Biden Poised to Unleash Boosters Amid First-Shot Shortage Abroad
(Bloomberg) -- President Joe Biden is set to unveil a plan to give more Americans coronavirus vaccine booster shots to head off the delta variant, a move that is stoking criticism that the U.S. is hoarding doses while poorer nations continue to languish under the pandemic.
Under Biden’s plan, which he’s set to discuss in a speech Wednesday about the broader Covid-19 response, high-risk groups including health-care workers and the elderly may be able to get a third dose of Pfizer Inc. and Moderna Inc. vaccines as soon as September, or eight months after they received their second shot.
The Food and Drug Administration already has signed off on boosters for those with weakened immune systems and would need to clear them for other groups. It isn’t clear how soon, or whether, boosters will be made available to all adults.
Some doctors and observers have pointed to a lack of evidence that a third dose would create significantly more protection for people. That uncertainty, they argue, means that the doses would be better used in countries where vaccines are still scarce.
“There is zero evidence that a booster dose is required to protect against severe disease in the foreseeable future,” said Shabir Madhi, a vaccinologist from Johannesburg’s University of the Witwatersrand, who led trials of both AstraZeneca Plc and Novavax Inc.’s shots in South Africa.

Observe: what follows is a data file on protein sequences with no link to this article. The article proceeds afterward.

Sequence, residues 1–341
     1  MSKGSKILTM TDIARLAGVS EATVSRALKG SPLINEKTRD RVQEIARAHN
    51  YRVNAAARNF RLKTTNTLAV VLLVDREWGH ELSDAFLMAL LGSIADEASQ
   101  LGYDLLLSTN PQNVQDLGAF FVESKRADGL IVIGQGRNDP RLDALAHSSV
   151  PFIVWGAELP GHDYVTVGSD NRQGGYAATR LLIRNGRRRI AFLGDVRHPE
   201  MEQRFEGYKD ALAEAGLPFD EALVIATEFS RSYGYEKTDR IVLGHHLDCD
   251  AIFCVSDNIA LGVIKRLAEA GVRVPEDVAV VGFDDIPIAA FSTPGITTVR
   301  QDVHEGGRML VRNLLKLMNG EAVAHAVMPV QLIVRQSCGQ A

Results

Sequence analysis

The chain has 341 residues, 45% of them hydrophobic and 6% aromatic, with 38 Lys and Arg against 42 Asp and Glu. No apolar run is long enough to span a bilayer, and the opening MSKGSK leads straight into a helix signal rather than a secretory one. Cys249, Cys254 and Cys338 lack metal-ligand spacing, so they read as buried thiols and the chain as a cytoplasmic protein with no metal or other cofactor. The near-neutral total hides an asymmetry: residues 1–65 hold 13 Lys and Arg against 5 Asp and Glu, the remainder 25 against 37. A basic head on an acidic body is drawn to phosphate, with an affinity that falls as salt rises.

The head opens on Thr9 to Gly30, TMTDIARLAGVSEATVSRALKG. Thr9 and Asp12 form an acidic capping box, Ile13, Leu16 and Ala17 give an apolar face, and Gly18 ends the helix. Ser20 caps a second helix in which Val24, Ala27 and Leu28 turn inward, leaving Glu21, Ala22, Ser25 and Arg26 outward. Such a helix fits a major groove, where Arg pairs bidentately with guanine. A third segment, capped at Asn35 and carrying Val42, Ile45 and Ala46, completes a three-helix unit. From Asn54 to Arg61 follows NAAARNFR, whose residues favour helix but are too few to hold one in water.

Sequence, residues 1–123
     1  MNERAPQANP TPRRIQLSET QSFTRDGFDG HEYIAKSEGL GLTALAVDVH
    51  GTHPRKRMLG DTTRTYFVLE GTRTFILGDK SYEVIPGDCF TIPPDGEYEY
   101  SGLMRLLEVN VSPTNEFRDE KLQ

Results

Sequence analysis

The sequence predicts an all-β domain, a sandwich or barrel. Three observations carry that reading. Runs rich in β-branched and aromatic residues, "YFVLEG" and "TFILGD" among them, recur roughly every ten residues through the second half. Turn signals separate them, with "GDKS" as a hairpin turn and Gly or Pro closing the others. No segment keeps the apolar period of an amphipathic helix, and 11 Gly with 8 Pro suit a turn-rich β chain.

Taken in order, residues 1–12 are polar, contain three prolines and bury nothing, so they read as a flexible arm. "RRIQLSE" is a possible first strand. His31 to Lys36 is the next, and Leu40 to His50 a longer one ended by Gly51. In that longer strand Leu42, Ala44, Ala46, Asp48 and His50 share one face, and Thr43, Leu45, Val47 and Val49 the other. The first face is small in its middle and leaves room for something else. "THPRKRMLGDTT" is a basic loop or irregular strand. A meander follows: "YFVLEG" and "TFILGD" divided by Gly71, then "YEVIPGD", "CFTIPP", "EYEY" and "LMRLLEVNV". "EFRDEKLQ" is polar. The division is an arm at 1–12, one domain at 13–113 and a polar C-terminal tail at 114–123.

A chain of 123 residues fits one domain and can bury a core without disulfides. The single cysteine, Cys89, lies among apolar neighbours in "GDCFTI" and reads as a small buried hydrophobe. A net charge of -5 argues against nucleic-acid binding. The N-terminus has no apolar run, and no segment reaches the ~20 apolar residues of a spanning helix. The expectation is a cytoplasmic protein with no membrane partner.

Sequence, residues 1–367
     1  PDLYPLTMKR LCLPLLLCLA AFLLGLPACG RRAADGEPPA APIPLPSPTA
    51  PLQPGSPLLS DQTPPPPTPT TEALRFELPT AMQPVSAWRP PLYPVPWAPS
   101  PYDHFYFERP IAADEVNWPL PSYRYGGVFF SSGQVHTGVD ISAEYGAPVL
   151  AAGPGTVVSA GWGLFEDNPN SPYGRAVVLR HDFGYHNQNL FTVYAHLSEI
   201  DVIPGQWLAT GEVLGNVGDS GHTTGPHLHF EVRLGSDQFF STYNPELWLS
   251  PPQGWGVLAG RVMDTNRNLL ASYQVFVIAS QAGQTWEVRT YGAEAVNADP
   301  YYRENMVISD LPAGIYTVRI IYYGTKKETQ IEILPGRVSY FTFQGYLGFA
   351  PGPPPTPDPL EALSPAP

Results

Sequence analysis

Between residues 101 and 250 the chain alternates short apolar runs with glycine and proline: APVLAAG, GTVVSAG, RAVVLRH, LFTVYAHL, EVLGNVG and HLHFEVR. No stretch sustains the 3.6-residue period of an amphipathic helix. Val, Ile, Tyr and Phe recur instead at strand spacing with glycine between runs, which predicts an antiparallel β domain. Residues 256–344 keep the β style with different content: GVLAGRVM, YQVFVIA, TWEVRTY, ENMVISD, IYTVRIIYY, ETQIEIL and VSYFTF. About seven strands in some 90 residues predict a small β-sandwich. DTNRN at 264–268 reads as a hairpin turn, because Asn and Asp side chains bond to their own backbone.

“It speaks to the moral fiber of high-income country governments to use precious doses of Covid vaccines to prevent the sniffles, whilst allowing those out of sight to continue dying from Covid due to hoarding and misuse of the limited supply of vaccines,” Madhi said.
White House Press Secretary Jen Psaki on Tuesday said it was a “false choice” to suggest that administering booster shots in the U.S. was tantamount to denying doses abroad.
“We can do both,” Psaki said. “We will continue to be the arsenal for vaccines around the world. We also have enough supply, and we have long planned for enough supply should our booster be needed for the eligible population.”
World Health Organization Director-General Tedros Adhanom Ghebreyesus has called for a moratorium on Covid-19 booster shots through September to enable poorer countries to catch up on vaccination rates. A spokesperson for Gavi, the Vaccine Alliance, which co-leads the Covax sharing program, said that rich countries giving boosters will only exacerbate inequities and called on countries to share all excess doses with Covax.
Earlier this month, U.S. regulators cleared third doses for people with severely compromised immune systems, a small group whose protection after two doses is weaker than it is for the general population.
For those people, “there’s a clear case to be made for a third dose,” said Celine Gounder, a physician who served on a Covid advisory board during Biden’s presidential transition. Boosters may also help for those over 80 years old and nursing home residents, where outbreaks are particularly risky, she said.
But for others, such as younger seniors and health-care workers, “there’s a much weaker case for that,” Gounder said. She said the U.S. should focus on getting first shots administered, at home and abroad.